Understanding Depression Among the Elderly

Treating Depression Among Seniors

By Will Reid, 9:00 am on

Depression is the most common mental health problem among seniors. Anywhere from one to five percent of seniors experience depression, although this rate increases to 13.5 percent for seniors who need home care in Cincinnati. Depression is more common in seniors who have an illness or limited function and about half of older people have two or more chronic conditions. Unfortunately, less than 40 percent of seniors consider depression a real health problem and more than half think it’s a normal part of aging.

The truth is depression does not need to come with age and it can be treated. Without treatment, seniors with depression are at a higher risk of suicide and a reduced quality of life.

Common Symptoms of Depression

Do not ignore the following symptoms of depression in yourself or a loved one. Some of these symptoms in seniors may be the result of a health condition or medication, although it’s important to listen to a loved one’s concerns or complaints.

  • Irritability

  • Social withdrawal

  • Changes in appetite

  • Loss of interest in hobbies and activities

  • Frequent feelings of hopelessness or pessimism

  • Sleeping too much or insomnia

  • Chronic pain with no known cause that doesn’t improve with treatment

Treatment Options for Seniors

Depression is a very treatable health condition. In fact, over 80 percent of people with depression can be treated successfully with therapy, medication, or both. If your loved one has symptoms of depression, a doctor may recommend one or more of the following treatment options:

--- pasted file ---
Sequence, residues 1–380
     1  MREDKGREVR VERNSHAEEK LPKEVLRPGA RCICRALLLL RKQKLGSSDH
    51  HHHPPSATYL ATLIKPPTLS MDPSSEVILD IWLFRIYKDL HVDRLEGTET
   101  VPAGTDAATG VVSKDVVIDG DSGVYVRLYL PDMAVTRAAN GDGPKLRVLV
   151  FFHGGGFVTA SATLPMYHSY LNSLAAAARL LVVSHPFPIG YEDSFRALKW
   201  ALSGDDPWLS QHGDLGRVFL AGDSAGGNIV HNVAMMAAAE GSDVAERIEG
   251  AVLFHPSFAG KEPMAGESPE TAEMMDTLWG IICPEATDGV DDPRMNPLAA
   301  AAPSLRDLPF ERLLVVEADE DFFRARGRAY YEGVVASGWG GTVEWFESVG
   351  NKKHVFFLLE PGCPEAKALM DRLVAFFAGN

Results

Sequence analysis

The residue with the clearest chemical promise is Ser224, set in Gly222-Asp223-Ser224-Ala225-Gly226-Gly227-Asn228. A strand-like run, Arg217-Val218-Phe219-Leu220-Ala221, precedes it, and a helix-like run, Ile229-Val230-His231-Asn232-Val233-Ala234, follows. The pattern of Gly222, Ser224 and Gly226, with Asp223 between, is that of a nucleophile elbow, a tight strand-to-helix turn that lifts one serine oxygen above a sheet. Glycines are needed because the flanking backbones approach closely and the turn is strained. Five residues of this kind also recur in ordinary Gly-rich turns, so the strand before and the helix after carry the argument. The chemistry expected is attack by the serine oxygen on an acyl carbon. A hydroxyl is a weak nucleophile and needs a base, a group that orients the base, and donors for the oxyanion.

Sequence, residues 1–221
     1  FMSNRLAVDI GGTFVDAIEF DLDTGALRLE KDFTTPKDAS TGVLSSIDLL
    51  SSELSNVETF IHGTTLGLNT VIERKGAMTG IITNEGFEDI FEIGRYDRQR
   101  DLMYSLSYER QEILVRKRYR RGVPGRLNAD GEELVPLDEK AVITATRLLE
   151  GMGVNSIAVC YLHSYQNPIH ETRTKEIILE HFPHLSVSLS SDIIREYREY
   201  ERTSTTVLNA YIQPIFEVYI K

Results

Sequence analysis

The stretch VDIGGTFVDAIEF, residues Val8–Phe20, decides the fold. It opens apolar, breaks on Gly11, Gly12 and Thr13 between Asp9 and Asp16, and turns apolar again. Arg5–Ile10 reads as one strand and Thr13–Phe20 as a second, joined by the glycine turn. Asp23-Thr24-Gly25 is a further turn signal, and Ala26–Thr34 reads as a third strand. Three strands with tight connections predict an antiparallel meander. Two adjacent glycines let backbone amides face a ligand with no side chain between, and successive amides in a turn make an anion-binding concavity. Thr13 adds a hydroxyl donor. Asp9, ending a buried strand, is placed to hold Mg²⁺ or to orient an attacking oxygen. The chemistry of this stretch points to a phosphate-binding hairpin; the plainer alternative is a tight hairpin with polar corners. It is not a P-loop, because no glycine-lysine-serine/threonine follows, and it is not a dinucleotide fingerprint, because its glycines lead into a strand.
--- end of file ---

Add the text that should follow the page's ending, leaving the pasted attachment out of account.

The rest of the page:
• Antidepressants to improve mood, sleep, and appetite among seniors.

  • Psychotherapy, which can be an effective treatment and can be used with or without medication.

  • Social activities, which have been found to help alleviate depression. According to a study published in 2014, people who frequently talk with or associate with a social group show improvement in treatment for depression.

  • Changes in diet and exercise can also improve symptoms. Seniors may try light aerobic and strength-training exercises to combat depression.

It’s not uncommon for seniors to experience feelings of loneliness, isolation, and depression, especially if loved ones live far away or if they aren’t as mobile as they used to be. If you’re concerned about your senior loved one, reach out to Home Care Assistance. In addition to companionship and emotional support, our caregivers can help with everyday tasks like cooking and running errands. To learn more about our care services, including dementia and Alzheimer’s care in Cincinnati, give us a call at 513.891.2273 and speak with a friendly Care Manager.